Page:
A Glossary of Genetic Terms

Before moving to more advanced articles concerning genetics, We strongly suggest reading this glossary of genetics terms, without understanding the basic terms You won’t be able to fully understand them.

Alleles: different versions of the same gene (found at the same locus but in homologous chromosomes or in different individuals) that may produce different phenotypes.

Allele frequency: the fraction of all the alleles of a gene in a population that are of one type.

Assortative mating: a mating scheme that relies on the pairing of unrelated individuals with similar phenotypes to obtain consistency of type and reinforce desirable traits.

Codominant alleles: two alleles that have different effects that are distinguishable in a heterozygous individual (e.g. AB blood groups)

Cross-breeding: crossing two different breeds.

Dominant allele: one that determines the phenotype even when there is only one copy – eg.B  (i.e. in a heterozygous individual eg. B/B).

Drift: changes in allele frequencies over time due to chance (as opposed to selection or mutation).

Effective population size (Ne): the size of a hypothetical stable, randomly-mating population that would have the same rate of gene loss or increase in inbreeding as the real population (size N). As all finite populations are inbred to some degree and generally do not choose mates at random, Ne is typically 1/10 N or less, particularly if fewer males breed than females.

Epistasis: used to describe the situation where one gene’s expression prevents the expression of another (e.g. you cannot determine whether an albino would have had black or brown hair, though these two traits are controlled by separate genes.)

Fitness (relative): The reproductive success of individuals of a particular genotype relative to the most fit genotype.

Fixation: loss of all alleles of a gene but one.

Founder: an individual drawn from a source population who contributes genetically to the derived subpopulation.

Founder effect: changes in allele frequencies that occur when a subpopulation is formed from a larger one. Typically many rare and usually undesirable alleles are excluded while a few carried by the founders get a big boost in frequency.

Founder equivalents: the number of hypothetical founders that would have the same diversity as the descendant population. Generally much smaller than the actual number due to unequal use and allele loss (gene dropping).

Gene: that portion of the genome that carries the information for a single protein. (In cases of proteins with multiple subunits, there may be a gene for each.)

Gene dropping: loss of alleles due to genetic drift.

Genetic bottleneck: when population numbers are temporarily reduced to a level insufficient to maintain the diversity in the population.

Genetic diversity: usually expressed in terms of percentage of genes that are polymorphic and/or are heterozygous.

Genome: the total genetic makeup of an organism.

Heritable: passed on from parents to progeny through the chromosomes/DNA.

Heritability: the fraction of the variability in a trait that is caused by genetic differences.

Heterozygous: carrying two different alleles of a gene.(eg. B/b)

Homozygous: carrying two identical alleles of a gene (eg. B/B).

Heterozygous advantage: a situation where the heterozygous genotype for a particular gene shows the highest relative fitness.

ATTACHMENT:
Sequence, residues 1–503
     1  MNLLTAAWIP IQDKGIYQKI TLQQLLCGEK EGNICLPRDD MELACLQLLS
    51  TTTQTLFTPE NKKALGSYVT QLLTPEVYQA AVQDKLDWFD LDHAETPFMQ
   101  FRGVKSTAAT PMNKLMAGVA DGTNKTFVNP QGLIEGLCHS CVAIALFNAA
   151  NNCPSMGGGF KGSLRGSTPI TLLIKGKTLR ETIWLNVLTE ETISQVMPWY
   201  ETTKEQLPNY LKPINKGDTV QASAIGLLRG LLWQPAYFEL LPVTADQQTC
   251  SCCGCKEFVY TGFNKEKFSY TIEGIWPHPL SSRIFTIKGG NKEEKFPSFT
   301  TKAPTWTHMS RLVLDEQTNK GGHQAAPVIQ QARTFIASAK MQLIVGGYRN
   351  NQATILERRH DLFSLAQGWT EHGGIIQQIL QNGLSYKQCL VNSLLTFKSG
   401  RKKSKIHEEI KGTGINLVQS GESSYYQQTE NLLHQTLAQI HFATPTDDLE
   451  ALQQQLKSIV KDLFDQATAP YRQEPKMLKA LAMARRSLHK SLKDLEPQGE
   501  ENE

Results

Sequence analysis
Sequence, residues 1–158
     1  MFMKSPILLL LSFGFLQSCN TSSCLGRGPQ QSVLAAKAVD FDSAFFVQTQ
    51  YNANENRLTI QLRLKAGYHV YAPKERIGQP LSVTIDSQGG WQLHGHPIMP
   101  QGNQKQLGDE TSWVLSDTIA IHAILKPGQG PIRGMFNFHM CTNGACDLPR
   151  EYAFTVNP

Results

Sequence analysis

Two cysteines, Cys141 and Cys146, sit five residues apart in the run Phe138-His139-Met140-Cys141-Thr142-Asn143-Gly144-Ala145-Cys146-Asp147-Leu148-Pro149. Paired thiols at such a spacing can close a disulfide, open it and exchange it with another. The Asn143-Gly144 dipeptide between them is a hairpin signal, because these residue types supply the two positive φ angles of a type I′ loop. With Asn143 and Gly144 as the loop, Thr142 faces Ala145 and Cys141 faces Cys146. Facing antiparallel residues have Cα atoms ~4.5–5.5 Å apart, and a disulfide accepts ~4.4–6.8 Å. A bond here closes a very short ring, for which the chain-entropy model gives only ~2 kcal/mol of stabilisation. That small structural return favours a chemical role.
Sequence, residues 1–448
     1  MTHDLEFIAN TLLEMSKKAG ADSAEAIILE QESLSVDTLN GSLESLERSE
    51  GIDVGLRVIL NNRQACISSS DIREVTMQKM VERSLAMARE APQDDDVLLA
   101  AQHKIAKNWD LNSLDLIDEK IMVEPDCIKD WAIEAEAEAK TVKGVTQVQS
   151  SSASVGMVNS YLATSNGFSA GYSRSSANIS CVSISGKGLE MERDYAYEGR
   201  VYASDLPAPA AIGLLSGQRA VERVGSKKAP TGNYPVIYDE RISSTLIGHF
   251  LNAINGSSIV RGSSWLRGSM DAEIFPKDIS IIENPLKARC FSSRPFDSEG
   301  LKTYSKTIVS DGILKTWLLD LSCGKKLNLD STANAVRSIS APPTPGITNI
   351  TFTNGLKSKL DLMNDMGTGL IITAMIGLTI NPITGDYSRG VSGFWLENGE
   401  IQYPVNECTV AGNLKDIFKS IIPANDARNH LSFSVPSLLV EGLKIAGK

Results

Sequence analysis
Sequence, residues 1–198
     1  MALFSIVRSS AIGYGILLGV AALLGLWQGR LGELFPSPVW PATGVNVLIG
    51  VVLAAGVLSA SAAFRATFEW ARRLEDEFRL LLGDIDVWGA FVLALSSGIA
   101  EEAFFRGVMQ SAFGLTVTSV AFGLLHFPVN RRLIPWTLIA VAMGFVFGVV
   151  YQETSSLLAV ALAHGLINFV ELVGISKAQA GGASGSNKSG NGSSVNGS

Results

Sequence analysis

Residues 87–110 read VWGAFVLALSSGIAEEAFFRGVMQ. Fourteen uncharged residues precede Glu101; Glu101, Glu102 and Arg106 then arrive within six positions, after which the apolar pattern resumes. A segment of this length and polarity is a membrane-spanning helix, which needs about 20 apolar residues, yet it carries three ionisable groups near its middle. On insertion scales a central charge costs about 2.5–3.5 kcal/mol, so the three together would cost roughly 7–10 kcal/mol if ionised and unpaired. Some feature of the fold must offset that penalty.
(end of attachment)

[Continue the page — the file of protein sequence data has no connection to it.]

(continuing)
Heterozygous insufficiency: when the heterozyous genotype lacks sufficient gene product to have the normal phenotype. (Approximately equivalent to partial dominance.)

Heterosis: a situation where crossing two inbred lines yields progeny that are more healthy/vigorous than their parents. (More commonly used in plant breeding.)

Homologous chromosomes: in higher plants and animals, chromosomes are found in nearly identical “homologous” pairs, one coming from the sire and the other from the dam. A dog has 39 pairs, or 78 in total. Only one of each, chosen at random, is passed on through eggs or sperm to the progeny.

Linebreeding: a scheme that attempts to maintain a high contribution of one or two ancestors through successive generations. Often used by breeders for any inbreeding less intensive than between first-degree relatives.

Linkage: a measure of how frequently two genes found on the same chromosome remain together during gamete (egg or sperm) formation.

Locus: the location of a gene on a chromosome.

Map (aka linage map): a drawing showing the location of and relative distances between genes on a chromosome.

Mean kinship (mk): a measure of how related an individual is to the other members of a population. Generally computed as the average IC for the hypothetical progeny of the individual mated to all other members of the population (both sexes). A low average mk for a population indicates that most of the diversity carried by the founders has been retained.

Monomorphic genes: have only one common allele (rare alleles with frequencies of less than 0.001% may still occur).

Mutation: a change in the sequence of the base pairs in a DNA molecule.

Mutation rate: the number of new mutations that occur per gene per gamete per generation.

Outcrossing: mating two individuals of the same breed that are sufficiently unrelated that the IC of the progeny is lower than the average of the parents.

Polymorphic genes: have 2 or more common alleles in the population.

Recombination: the reciprocal exchange of portions of two homologous chromosomes (usually equivalent) during gamete formation.

Recombinant frequency (RF): how often two linked genes are separated by recombination, generally expressed as a percentage of total progeny.

Source: http://www.canine-genetics.com/glossary.htm